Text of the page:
Coping with Grief During the Holidays My Story

So you struggle with grief or sadness over the holidays? Do you feel out of sync with others because you miss your lost loved ones? Coping with grief during the holidays is common. You are not alone. Here are some tips and strategies to help you deal with your grief

Coping with Grief During the Holidays My Story
There is no time frame for grieving

It's the holiday season, a time that's supposed to be festive and happy. For me it has always been a time of year when I struggle.

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Coping with Grief During the Holidays
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My Story Of Dealing with Grief During the Holidays

When I was 18 years old, my mom was diagnosed with lung cancer. It was found on pre op chest x ray, prior to her gallbladder surgery. My mom never smoked a day in her life. Her parents lived above the dry cleaners they owned.

I spent the summer taking my mother back and forth for cobalt treatments. It was a grueling summer. I started nursing school that September, at the hospital where my mom was receiving her treatments.

That morning in mid December, my mom saw her oncologist. We had plans, after her appointment, to finish up Christmas shopping for my brothers and sister. My mom was elated as she learned she beat cancer. The oncologist gave her a clean bill of health. She was on her way over to the nursing school across the street to share her news with me.

The elevator was located right outside the oncologists office. As she entered the elevator, my mom collapsed. She had thrown a pulmonary embolism. She was admitted to ICU that night. I had a short visit with her and she gave me the list of things I needed to get for my siblings Christmas presents.

That was the last conversation I had with my mother. While I was out shopping, she died. It was Dec 17th.

My mom always made the holidays such a special time. There I was 18 years old, the oldest of 4. That first Christmas was just devastating. We pushed through the holidays, numb and in shock.

Do You Struggle with Holidays? Anniversaries? Birthdays of Lost Loved Ones?

Fifty years later and I still struggle at the holidays. Anniversaries are hard, and while the pain in not acute, here are moments when a memory is sparked and the sense of loss is strong.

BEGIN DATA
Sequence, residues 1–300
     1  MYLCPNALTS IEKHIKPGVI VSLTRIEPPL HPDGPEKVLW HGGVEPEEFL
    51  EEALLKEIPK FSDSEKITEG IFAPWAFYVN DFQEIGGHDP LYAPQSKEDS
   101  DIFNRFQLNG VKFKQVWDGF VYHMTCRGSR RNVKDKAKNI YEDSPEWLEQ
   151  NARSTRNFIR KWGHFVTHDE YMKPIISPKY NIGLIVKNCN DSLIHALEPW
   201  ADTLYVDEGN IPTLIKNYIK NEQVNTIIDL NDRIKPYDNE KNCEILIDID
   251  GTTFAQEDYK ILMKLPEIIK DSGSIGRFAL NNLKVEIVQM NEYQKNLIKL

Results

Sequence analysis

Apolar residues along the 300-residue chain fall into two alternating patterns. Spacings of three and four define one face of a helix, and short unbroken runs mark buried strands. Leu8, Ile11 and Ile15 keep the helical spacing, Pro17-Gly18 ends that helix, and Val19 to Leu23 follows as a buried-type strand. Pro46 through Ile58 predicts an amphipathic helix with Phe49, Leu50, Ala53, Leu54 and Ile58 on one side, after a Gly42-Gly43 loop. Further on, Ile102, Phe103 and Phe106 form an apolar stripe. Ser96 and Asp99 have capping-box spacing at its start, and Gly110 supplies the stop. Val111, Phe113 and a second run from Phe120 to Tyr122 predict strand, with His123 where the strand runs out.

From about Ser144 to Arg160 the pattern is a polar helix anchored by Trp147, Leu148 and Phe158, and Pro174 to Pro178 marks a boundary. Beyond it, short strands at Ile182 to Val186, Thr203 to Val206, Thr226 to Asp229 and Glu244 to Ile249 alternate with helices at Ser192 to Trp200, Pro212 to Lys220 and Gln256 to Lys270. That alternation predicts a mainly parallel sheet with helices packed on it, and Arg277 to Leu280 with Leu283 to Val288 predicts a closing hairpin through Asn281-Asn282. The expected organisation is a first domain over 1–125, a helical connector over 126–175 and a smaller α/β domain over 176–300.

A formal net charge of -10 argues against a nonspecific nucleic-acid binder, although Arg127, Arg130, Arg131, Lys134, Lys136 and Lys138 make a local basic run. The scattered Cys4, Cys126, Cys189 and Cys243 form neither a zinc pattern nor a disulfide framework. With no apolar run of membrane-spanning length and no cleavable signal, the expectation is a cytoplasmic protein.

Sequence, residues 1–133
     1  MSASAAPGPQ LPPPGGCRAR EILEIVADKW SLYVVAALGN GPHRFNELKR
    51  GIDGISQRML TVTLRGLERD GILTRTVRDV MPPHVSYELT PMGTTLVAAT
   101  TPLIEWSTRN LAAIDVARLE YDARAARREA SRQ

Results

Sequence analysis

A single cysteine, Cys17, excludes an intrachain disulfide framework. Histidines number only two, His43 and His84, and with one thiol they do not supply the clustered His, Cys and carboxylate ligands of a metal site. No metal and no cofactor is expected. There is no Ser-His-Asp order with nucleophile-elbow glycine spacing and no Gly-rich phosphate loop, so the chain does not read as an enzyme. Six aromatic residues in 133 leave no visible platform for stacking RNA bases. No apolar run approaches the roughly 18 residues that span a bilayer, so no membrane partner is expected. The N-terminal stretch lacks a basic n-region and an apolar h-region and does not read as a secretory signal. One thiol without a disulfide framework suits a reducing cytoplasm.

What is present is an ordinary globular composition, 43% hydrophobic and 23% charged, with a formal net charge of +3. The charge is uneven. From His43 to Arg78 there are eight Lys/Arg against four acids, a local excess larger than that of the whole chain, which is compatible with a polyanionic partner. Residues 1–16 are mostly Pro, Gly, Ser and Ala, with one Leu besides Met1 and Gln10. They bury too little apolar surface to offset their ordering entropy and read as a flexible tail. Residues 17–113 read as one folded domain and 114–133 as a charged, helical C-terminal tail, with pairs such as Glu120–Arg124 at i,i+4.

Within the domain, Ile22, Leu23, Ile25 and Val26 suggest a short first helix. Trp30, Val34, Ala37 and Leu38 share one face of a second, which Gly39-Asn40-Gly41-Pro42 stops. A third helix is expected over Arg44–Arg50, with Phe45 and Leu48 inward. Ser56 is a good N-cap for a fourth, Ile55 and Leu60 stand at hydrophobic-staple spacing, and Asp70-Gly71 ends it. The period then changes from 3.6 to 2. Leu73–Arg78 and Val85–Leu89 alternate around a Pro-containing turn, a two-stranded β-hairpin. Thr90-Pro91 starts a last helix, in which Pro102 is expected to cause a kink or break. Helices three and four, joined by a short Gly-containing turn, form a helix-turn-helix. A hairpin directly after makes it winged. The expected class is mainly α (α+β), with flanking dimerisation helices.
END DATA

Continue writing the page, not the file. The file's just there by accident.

It doesn’t help that I suffer from Seasonal Affective Disorder. When fall sets in, the daylight hours are fewer. This time of year always makes me feel fatigued and a low mood.

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    When I share that I feel this way, some 50 years later, so many tell me there is something wrong with me. Its not normal.

    Well, they need to understand that grief takes as long as it takes. I lost my oldest son, Geoff, a disabled veteran to suicide 11 yrs ago. He had a devastating pain condition.

    Grief is a Process

    It's important to understand that grief is a process.

    There is no right way to grieve. Everyone deals with his or her grief differently. And it takes as long as it takes. Holidays bring up emotions that collide with the message of joy, rebirth and renewal.

    Now, please understand that the pain is not as acute as it was that first Christmas I lost my mom. The first holidays after Geoff died was so hard.

    Depending on the strength of the bond that was broken, grief can be life-long. However, grief does soften and change over time.

    With time, the holidays will become easier to handle.

    I have 2 friends this year that have lost their husbands unexpectedly. Both are in the acute stages of grief.

    If you're feeling grief this holiday season, know that you're not alone.

    Holiday traditions spark memories that serve as a reminder of what has been lost. Observing the happiness of others during the holidays can make grieving individuals feel isolated and alone.

    Over the decades I have developed strategies to cope with grief during the holiday.

    Tips on How to Cope with Loss During the Holidays

    Allow yourself to feel your feelings as they come up. Grief often brings up conflicting emotions. You are feeling sad one moment, and full of holiday cheer the next.

    Your feelings are valid. There is space for them all. Give yourself permission to feel without judgment.

    I want to share something that happened to me a few weeks ago. I was visiting with a client. We were standing on her front porch and having a conversation. As I was talking to my client, her front door opened. Out walked this very large, bearded ginger of a fella.